Tuesday, February 10, 2004
Who's really running the Sixers?
By Ray Ratto
Special to ESPN.com
By all accounts, Allen Iverson's fingerprints will not be found on Randy Ayers. He has made no unpleasant public statements regarding the Philadelphia 76ers' newest ex-coach, and if he had private complaints, he kept them well hidden.
Besides, he had bigger fish to fry. He said he would like to have input in any trades the Sixers might make to save their floundering season.
In other words, he wants to sign up for the latest form of athlete bling -- general manager without portfolio.
After all, the last beachhead, the hiring and firing of coaches, has been taken and held. Players not only vote their stock, they find that their stock counts for more than anyone else's. Except, of course, in Atlanta, where Terry Stotts is turning into Red Auerbach before our very eyes simply by showing up for work every day.
No, in Atlanta, they just blow the team up and start again around a new figure. Indeed, the Rasheed Wallace/Shareef Abdur-Rahim deal allows both Stotts and Maurice Cheeks a bit of temporary cover.
Unless, of course, Zach Randolph and Stephen Jackson had "input" on the deal, and we don't know about it yet.
But we digress. The fact that players are now actively inserting themselves into the GM deal means that they have: A) decided to back the concept of keeping the jewelry in a safe place, B) know that getting a coach fired barely merits notice anymore, and C) understand that when you live near the top of the food chain, the real alpha males have to find their prey in new and exotic places.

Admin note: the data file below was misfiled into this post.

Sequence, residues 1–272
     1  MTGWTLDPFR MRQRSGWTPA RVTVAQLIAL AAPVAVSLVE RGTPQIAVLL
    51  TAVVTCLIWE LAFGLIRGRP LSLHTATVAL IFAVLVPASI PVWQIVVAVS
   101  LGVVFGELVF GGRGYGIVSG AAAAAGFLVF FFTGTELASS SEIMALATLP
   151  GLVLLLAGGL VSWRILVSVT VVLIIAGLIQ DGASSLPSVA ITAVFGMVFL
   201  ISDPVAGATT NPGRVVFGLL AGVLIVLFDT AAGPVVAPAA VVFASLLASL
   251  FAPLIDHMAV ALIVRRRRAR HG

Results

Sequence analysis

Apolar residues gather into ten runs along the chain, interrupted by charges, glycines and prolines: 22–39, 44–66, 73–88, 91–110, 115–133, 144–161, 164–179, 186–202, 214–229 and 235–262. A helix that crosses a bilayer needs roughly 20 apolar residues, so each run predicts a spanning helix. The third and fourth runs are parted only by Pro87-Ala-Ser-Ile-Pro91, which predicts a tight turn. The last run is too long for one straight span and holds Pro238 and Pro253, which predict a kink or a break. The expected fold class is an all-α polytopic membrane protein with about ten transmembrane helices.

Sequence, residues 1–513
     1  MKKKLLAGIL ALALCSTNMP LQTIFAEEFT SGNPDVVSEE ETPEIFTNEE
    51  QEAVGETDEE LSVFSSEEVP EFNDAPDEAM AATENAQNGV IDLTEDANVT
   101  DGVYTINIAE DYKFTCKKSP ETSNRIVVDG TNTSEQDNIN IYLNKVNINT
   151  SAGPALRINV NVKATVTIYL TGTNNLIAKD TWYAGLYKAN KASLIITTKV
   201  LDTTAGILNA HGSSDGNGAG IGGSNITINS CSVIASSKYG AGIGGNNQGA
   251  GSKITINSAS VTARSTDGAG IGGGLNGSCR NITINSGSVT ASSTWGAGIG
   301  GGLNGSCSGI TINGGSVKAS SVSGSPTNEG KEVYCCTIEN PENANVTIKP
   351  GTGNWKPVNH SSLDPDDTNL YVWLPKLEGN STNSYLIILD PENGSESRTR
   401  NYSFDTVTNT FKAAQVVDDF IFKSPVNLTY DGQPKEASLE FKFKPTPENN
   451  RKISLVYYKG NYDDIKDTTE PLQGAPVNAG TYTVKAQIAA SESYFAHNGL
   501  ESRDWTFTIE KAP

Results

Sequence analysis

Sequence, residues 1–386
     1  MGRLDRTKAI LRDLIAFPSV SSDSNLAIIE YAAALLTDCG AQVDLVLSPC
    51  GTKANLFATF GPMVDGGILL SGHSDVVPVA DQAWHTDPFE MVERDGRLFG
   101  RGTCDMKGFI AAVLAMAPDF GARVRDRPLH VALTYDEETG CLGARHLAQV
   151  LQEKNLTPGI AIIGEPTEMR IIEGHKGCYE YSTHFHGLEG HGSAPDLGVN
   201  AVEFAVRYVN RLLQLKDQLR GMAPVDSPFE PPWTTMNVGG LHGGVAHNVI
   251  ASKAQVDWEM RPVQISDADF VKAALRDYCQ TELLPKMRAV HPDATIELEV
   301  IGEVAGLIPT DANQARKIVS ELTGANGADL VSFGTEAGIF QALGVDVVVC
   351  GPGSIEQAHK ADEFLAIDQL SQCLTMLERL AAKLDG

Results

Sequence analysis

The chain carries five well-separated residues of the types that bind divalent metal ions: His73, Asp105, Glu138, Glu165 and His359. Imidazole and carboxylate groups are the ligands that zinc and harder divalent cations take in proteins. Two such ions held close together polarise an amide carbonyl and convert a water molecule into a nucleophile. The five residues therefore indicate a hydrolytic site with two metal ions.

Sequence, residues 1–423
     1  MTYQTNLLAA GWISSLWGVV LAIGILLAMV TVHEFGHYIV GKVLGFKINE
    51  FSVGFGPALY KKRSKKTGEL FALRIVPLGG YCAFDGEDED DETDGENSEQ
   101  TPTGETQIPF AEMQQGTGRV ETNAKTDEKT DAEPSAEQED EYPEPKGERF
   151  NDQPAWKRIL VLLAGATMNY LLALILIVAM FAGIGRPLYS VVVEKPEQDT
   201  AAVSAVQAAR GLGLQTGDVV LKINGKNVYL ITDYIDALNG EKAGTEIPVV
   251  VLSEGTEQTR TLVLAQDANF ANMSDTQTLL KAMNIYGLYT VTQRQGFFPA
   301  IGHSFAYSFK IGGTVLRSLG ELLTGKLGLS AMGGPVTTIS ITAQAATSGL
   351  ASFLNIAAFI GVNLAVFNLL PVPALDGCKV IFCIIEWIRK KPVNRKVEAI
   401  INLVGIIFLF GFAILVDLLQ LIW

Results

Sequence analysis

And that's the key here. Iverson has made his bones, employment-wise. He has been the clear and undisputed leader of the 76ers for years. He was the key figure in the Sixers' run toward the NBA title in 2001. He makes more money than any other employee in the company.
He has, in short, done it all, including, according to some, influencing Larry Brown to find his coaching bliss in Detroit.
So what else is there? Buying the team? He isn't rich enough ... yet. Getting the owner fired? Well, Pat Croce left, but he was hardly fired. Taking out the GM? Well, he could, I suppose, but he hasn't.
But a place at the table when the fates of teammates are decided ... now that's some heat.
Imagine the power coursing through your capillaries when you walk into the locker room, knowing that you can either make someone disappear or make them think you can.
"Trade me? Hah! Trade him!" Sort of puts the big yellow Hummer in the players' lot to shame now, doesn't it?
This is not to single out Iverson, either. He isn't the first athlete to make his greater roster desires clear, not by a long shot.
But as this new form of leverage becomes more public, it influences a greater number of lesser players to want the same kind of throw-weight, and not just in basketball, either.
After all, envy is the sincerest form of flattery in these high-level athletic circles, and since it was made clear long ago that the highest-paid player trumps everyone but the guy doing the paying, what's a general manager to do but pull up an extra chair and say, "So, what do you think?"
And it isn't a short walk from that one to, "So what do I think?"
Life's full of delicious quirks that way ... at least in the pro sports biz. You and I don't have that kind of fastball, for simple Darwinian reasons we needn't repeat here. The big dogs eat first, and if the daily special is slightly smaller dogs ... well, bone appetite, if you get our drift.
In the meantime, coaches come and coaches go -- Kelly Girls in GQ-quality suits. Today, Randy Ayers ... tomorrow, Johnny Davis, or Scott Skiles, or (fill in your favorite blank). It's almost an afterthought now.
I mean, if coaches can't even get a year in before getting dope-slapped out the door, it's hardly worth a player's bother. In the strange world of anyone-you-can-smoke-I-can-smoke-better, it's like getting an assistant equipment man fired.
The best players have simply moved on to bigger game, namely ... each other.
Ray Ratto is a columnist with the San Francisco Chronicle and a regular contributor to ESPN.com.